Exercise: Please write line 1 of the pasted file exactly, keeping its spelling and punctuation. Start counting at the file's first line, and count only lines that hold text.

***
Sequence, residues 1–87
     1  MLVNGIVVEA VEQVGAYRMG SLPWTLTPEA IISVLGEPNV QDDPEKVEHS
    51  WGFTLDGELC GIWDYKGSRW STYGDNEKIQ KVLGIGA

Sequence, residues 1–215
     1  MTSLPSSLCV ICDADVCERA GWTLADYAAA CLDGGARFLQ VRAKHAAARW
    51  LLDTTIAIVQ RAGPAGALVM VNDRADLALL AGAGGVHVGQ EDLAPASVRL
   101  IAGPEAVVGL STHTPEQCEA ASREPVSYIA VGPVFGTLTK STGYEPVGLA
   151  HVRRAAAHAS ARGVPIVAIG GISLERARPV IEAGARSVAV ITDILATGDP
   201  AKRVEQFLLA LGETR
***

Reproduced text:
Sequence, residues 1–87